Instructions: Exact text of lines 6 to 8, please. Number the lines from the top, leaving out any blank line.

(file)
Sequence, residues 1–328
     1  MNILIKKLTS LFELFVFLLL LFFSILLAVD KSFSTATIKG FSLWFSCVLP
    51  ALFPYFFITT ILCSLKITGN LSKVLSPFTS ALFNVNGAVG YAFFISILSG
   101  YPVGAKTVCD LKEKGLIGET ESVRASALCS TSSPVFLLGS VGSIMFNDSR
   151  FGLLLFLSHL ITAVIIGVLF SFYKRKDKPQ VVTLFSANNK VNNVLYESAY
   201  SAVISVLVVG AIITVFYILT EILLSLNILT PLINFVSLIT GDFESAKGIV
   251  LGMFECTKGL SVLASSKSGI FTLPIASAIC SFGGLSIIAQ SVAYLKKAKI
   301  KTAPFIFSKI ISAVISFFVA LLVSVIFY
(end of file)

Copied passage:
   201  SAVISVLVVG AIITVFYILT EILLSLNILT PLINFVSLIT GDFESAKGIV
   251  LGMFECTKGL SVLASSKSGI FTLPIASAIC SFGGLSIIAQ SVAYLKKAKI
   301  KTAPFIFSKI ISAVISFFVA LLVSVIFY